Companies Pump Up Their Portal Strategies

By John Taschek  |  Posted 2001-08-27 Print this article Print

Something's got to shake out with Java 2 Enterprise Edition

Somethings got to shake out with Java 2 Enterprise Edition. It seems everyone is moving toward the sun-drenched J2EE standard for enterprise computing. Its already generated feverish interest with tool developers and applications companies alike. The downside is that the standard itself has already helped to decimate the application server market, leaving behind just a few powerhouse players.

BEA took the market by storm by capitalizing on J2EE early on. The laggards tried to use marketing muscle and previously arranged relationships to play catch-up. Theyre still catching up. Oracle is probably the company perceived to be the furthest behind, though it recently has gotten extremely aggressive about conquering the market.

Since J2EE is quickly becoming commoditized, the application server market needs to evolve quickly or die. Oracle officials are betting that this evolution will include extended application services, such as portal technology and security, to ignite interest in its application server.

BEA, meanwhile, in October will ship WebLogic Portal 4.0, so BEA officials obviously agree with the Oracle assessment. If Gartner analysts are to be believed, its a good bet: Gartner said the enterprise portal market will triple in size in two years—from an estimated $4.4 billion last year. Thats a lot of billions of dollars floating around that very few of us will see. (Look for eWeeks eValuation of enterprise information portals in the Sept. 17 issue.)

Sybase has been pumping up its portal strategy for two years. And Hewlett-Packard, with its acquisition of Bluestone, has been working on the portal-plus-application-integration-plus-application-server strategy for at least a year.

Im sure portals are great and necessary, but its still hard to get hyped up over them—portals are just another thing that will quickly become a commodity.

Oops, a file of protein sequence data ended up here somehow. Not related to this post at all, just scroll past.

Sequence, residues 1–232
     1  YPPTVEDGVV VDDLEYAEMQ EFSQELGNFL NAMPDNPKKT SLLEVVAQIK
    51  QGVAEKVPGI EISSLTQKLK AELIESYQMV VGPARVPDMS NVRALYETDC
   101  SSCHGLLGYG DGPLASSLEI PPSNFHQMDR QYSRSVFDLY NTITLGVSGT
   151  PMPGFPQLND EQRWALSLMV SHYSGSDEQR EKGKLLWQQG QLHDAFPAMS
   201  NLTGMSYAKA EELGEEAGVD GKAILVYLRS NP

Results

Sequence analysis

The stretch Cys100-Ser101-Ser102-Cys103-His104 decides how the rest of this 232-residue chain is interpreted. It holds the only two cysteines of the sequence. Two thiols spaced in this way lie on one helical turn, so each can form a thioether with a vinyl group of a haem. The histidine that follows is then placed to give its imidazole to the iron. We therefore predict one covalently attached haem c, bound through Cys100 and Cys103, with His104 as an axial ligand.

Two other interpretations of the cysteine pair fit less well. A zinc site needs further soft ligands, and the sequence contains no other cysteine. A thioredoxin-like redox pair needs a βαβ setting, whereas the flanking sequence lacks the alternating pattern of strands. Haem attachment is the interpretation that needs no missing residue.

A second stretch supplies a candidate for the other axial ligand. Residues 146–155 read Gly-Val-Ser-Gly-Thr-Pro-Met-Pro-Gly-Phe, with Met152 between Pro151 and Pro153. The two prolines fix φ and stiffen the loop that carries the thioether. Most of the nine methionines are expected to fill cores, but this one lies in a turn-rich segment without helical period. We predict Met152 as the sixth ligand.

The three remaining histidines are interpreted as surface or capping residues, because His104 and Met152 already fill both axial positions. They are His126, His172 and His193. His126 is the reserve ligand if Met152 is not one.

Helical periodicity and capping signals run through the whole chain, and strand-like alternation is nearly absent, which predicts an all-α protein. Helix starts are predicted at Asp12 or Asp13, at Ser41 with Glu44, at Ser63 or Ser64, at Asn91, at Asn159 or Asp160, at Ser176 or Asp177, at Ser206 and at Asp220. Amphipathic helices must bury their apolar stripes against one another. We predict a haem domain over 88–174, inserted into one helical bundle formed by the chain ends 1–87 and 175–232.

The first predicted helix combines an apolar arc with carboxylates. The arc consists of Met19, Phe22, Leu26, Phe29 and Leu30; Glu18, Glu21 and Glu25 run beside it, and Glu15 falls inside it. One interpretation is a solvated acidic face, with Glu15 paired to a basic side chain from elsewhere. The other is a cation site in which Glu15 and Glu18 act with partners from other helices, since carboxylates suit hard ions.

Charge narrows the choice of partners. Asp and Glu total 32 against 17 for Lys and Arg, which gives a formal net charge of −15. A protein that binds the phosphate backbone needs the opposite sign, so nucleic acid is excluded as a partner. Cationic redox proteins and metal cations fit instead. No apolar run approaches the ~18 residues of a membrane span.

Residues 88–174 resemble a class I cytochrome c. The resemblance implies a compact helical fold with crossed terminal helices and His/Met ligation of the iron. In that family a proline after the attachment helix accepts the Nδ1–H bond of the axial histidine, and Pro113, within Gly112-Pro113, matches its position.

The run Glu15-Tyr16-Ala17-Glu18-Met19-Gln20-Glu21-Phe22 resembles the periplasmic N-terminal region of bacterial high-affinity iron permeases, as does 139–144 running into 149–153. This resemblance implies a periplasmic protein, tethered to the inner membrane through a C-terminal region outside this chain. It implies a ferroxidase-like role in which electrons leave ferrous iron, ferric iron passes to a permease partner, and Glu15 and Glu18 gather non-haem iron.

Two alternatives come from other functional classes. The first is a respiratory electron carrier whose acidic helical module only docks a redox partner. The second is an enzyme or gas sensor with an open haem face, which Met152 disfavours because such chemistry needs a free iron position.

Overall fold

Development tools, however, are a different story. The shift from client/server to Web services and Internet computing blew apart the tools market. A number of vendors went out of business, and the rest amalgamated into one or two companies. But no company has successfully shown rich Web development tools for the enterprise.

Its a difficult market in difficult times, but Oracle is going whole hog on its Web development efforts. That will really be interesting because Oracles tools ... well, how many people actually used them?

As the director of eWEEK Labs, John manages a staff that tests and analyzes a wide range of corporate technology products. He has been instrumental in expanding eWEEK Labs' analyses into actual user environments, and has continually engineered the Labs for accurate portrayal of true enterprise infrastructures. John also writes eWEEK's 'Wide Angle' column, which challenges readers interested in enterprise products and strategies to reconsider old assumptions and think about existing IT problems in new ways. Prior to his tenure at eWEEK, which started in 1994, Taschek headed up the performance testing lab at PC/Computing magazine (now called Smart Business). Taschek got his start in IT in Washington D.C., holding various technical positions at the National Alliance of Business and the Department of Housing and Urban Development. There, he and his colleagues assisted the government office with integrating the Windows desktop operating system with HUD's legacy mainframe and mid-range servers.

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